Sachiko was sitting in front of her house and painting flowers on a linen canvas. The day was pleasant, with the Sun high in the sky, warm wind blowing from the south; it was the beginning of spring, and most of the people in the town would walk to the nearest river called Daiko and throw pebbles into it as a form of leaving the old winter days behind and welcoming new ones.
After Sachiko painted ume flowers, she thought it would be a good idea to savor a cup of tea – especially made with water from Daiko river, because it was generally very clean (despite of some pebbles thrown into it). However, the water from tap was not the one from the spring, but from a city rather nearby, and it was not as clear. Sachiko decided to take a plastic bucket and go to the upper part of the river.
As she was walking on a sand way, passing by numerous trees and animals such as rabbits and hedgehogs – the town was basically a village with buildings and a few streets – she noticed she was feeling somewhat strange.
“It’s like something is different today,” she wondered. “Subtle differences, but I can feel them.”
She kept on walking until she reached the river, which was a calm stream, but this time there were no other people besides of one person. Or, to be precise, almost a person.
A sad scarecrow was sitting by the river, staring hopelessly at the surface of the river. Sachiko at first felt slightly scared, but after a short moment figured out he didn’t really look too dangerously, maybe he needed some help. She sat next to him and looked at his white face made of an old pillow.
“Hello sir,” she started. “May I ask you if everything is alright? You seem to be depressed”.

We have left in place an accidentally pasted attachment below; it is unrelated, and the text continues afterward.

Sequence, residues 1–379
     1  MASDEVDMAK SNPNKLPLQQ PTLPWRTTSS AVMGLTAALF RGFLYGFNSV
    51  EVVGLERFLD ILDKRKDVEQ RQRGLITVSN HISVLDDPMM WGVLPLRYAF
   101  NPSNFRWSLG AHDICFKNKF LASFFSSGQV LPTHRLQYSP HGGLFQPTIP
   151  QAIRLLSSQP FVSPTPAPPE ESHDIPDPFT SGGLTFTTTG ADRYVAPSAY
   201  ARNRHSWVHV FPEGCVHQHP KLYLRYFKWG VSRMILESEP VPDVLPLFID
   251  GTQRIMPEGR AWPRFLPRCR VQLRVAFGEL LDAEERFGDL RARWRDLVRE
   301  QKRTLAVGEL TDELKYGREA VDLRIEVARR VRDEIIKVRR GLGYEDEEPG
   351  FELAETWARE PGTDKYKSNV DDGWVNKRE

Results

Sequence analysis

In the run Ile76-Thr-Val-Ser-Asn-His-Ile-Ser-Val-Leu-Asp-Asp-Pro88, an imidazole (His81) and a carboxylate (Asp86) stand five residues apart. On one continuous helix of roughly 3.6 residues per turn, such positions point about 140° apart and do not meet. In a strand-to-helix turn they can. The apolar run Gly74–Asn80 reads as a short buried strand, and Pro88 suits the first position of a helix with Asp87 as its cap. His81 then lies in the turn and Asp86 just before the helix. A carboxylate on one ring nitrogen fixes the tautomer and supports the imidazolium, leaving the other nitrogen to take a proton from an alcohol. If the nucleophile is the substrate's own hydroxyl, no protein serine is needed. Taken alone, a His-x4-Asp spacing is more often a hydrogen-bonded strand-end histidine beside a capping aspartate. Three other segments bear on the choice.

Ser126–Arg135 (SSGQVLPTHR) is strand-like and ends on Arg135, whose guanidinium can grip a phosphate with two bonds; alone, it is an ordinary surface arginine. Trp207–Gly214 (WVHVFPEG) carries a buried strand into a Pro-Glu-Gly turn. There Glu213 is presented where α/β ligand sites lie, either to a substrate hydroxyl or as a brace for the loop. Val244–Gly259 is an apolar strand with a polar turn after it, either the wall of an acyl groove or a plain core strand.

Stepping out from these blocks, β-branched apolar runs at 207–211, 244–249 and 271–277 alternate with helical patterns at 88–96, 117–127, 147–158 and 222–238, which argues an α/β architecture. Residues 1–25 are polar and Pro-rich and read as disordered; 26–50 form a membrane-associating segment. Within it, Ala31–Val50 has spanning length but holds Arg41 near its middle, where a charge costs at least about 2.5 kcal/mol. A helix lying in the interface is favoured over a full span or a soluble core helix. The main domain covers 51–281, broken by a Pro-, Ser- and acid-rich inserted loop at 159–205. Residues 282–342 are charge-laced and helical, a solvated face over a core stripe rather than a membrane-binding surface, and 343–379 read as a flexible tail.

“I lost everything. My home, my dreams, my future. I’m a broken scarecrow and have no meaning for life anymore, not even bird are scared of me. I’m a pathetic failure,” the scarecrow replied, and furiously started hitting its head against the grass. “I’m an avid gambler! I thought I had luck, I did for some time, I’d won every bet I made… but then I… I put a bet on my soul, on my raison d’etre, and lost; from then, my meaning has been torn apart and thrown into an abyss.”
Sachiko noticed the emptiness in his eyes. Suddenly the wind felt colder and she got shivers.
“To whom did you make the bet?”, she asked as calmly as she could, yet nervousness has gotten into her voice.
He looked at her as if she was the most bland thing in the world, as if she was the most boring person that could ever exist. Then he sighed, crossed his legs and hid face in his hands.
“To myself”, he replied hopelessly. “I put a bet on whether I could accomplish something worthy, and I did not. I am a failure to myself, and I set my heart on fire, then threw it into oblivion. When I did it, I realized there is no turning back and what I’ve done was a terrible mistake born from too high ambitions. Because I am just a scarecrow and my meaning was to scare birds off. I’d never amount to anything, I am useless besides of that.”
After he said that, he jumped into the river and floated away. Sachiko nodded her head, and felt very disoriented, slightly confused. Soon she proceeded on doing everyday things, such as drinking tea and painting. She realized that the moral of the story is to treat life as something that just is, that everything happens because it happens, and not seek for any special meaning. Because we set meaning for ourselves. Or we jump into a river and float away, like a scarecrow.
After all, we all just scare birds away and set our hearts on fire trying to accomplish something.